The Board of Taxation also tabulates the Abstract of Ratables and Equalization Tables for Atlantic County. These are used to calculate the appropriate tax rate to raise sufficient funds for each municipal, school district, county, public health, library and fire district budget.
Should you file an appeal? If you believe the assessment on your property exceeds the amount for which you could reasonably expect to sell it, you may have a basis for filing a property tax assessment appeal. Please read all of the instructions on this site to be sure your appeal has the best chance to be successful.
Where are the hearings held? Hearings are usually held at the Historic Courthouse at 5909 Main Street in Mays Landing. Please read your hearing notice carefully for the address, date and time of your hearing.
When will I receive my hearing notice? You will receive your notice of hearing at least 10 days prior to your hearing, which may not be until August. If you have not received your notice and are concerned, phone the County Board of Taxation at (609) 645-5820. The notice will be mailed to the address you have listed as your “Mailing Address” on your petition. If you have provided “a person or attorney to be notified of hearing date and judgment” on your petition, ONLY THAT PERSON WILL RECEIVE A HEARING NOTICE.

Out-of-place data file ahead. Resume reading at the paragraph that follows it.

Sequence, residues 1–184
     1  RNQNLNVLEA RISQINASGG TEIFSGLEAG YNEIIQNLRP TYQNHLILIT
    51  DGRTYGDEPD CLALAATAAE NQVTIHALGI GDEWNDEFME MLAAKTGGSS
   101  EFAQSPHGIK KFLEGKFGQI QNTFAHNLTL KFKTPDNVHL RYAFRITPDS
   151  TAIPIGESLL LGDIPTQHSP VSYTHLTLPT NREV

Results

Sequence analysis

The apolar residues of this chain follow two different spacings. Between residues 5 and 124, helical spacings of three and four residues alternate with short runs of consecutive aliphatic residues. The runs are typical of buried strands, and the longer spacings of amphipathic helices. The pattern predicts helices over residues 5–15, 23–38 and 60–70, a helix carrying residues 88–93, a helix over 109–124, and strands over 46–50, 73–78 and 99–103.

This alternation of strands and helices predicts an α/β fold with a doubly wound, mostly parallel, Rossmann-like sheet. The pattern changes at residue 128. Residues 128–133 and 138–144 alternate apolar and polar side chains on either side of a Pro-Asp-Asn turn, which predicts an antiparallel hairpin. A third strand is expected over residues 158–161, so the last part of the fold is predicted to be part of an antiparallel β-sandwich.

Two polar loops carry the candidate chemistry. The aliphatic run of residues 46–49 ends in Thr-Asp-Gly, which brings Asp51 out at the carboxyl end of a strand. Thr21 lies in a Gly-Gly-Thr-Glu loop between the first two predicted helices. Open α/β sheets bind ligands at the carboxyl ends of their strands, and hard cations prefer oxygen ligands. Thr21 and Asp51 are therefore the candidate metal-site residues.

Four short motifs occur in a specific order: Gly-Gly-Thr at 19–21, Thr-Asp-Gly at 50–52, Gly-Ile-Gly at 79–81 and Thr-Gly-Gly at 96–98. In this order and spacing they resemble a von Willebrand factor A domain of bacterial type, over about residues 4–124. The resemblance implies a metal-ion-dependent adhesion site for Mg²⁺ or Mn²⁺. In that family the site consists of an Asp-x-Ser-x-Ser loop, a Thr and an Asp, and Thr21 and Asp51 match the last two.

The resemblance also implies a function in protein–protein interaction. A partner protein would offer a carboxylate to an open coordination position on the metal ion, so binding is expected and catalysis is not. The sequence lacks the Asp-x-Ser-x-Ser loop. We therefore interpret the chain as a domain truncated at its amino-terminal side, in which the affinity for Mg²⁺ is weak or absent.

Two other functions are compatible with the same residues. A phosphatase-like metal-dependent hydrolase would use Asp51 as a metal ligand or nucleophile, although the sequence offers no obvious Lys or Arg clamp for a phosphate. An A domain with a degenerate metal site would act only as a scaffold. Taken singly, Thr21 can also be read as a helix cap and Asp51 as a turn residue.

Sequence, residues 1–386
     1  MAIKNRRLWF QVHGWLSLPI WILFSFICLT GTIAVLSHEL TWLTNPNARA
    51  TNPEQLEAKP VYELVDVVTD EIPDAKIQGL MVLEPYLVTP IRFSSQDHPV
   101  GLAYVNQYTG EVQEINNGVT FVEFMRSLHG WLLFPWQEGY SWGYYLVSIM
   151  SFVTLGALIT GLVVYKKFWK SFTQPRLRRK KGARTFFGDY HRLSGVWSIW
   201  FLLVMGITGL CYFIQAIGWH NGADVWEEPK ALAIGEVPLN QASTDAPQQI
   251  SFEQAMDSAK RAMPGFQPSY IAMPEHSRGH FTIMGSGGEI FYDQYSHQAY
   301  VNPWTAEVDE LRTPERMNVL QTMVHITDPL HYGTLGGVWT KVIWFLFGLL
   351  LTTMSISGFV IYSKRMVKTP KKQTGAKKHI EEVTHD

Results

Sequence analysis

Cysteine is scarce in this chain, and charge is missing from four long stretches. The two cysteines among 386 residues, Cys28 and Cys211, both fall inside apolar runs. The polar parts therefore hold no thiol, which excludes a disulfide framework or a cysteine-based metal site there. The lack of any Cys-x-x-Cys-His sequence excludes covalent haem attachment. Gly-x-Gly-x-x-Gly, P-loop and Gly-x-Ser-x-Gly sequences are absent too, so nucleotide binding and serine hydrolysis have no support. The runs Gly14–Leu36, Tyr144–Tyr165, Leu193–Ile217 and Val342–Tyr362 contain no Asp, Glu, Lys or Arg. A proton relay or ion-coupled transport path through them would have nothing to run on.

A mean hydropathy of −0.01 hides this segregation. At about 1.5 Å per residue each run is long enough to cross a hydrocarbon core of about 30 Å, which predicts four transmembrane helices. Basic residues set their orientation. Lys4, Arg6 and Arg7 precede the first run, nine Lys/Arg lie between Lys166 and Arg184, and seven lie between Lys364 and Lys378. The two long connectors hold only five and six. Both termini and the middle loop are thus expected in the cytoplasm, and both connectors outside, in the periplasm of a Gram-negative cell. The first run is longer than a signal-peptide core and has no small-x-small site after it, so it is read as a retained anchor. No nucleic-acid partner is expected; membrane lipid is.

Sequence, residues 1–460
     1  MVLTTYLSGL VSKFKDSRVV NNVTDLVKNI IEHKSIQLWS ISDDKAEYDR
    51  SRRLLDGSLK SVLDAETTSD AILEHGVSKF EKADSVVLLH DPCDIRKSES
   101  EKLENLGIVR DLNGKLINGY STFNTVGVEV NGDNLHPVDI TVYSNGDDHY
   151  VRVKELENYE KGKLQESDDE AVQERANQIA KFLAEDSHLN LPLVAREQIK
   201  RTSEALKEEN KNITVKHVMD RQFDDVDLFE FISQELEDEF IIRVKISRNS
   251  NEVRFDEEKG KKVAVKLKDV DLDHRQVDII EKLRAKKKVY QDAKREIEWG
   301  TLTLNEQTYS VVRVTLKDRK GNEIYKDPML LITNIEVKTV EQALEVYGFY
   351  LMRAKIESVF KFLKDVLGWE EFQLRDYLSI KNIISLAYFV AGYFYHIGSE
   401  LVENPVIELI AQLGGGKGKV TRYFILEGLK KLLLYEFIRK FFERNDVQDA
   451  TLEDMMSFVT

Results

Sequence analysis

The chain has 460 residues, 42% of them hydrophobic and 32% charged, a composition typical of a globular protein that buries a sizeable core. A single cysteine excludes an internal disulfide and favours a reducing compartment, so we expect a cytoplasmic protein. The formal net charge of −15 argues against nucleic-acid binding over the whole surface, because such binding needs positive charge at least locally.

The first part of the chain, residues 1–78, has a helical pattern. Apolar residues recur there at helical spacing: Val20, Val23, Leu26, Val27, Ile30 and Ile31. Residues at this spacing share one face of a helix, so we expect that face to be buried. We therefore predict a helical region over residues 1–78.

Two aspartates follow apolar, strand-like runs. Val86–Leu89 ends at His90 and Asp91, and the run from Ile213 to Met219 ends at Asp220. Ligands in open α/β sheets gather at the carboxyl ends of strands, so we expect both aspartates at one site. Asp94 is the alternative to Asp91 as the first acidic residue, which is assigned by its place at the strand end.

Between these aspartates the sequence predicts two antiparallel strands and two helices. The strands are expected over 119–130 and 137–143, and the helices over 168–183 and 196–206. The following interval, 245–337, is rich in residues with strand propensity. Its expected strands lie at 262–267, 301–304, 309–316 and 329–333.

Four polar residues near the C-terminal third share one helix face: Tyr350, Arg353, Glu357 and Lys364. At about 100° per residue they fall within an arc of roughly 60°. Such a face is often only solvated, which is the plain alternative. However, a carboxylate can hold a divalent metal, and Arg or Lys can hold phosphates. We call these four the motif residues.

What can I use for evidence? New Jersey law presumes the assessment is correct until the petitioner proves otherwise. The assessment should be the amount that a willing buyer would have paid a willing seller for the property on the previous October 1. The best proof of what your property is worth is to find sales of properties comparable to yours.
When must my comparable sales evidence be submitted? It is best if you can list the comparable sales information on your appeal petition and attach evidence when it is filed. However, at the latest, you must supply your evidence to the Board of Taxation, your Municipal Assessor and Municipal Clerk, at least seven (7) days prior to your hearing. This allows the Tax Board Commissioners and your Municipal Assessor time to become familiar with your evidence. If you wait until your hearing to supply your evidence it will not be accepted, and you will not have any evidence to support an assessment reduction.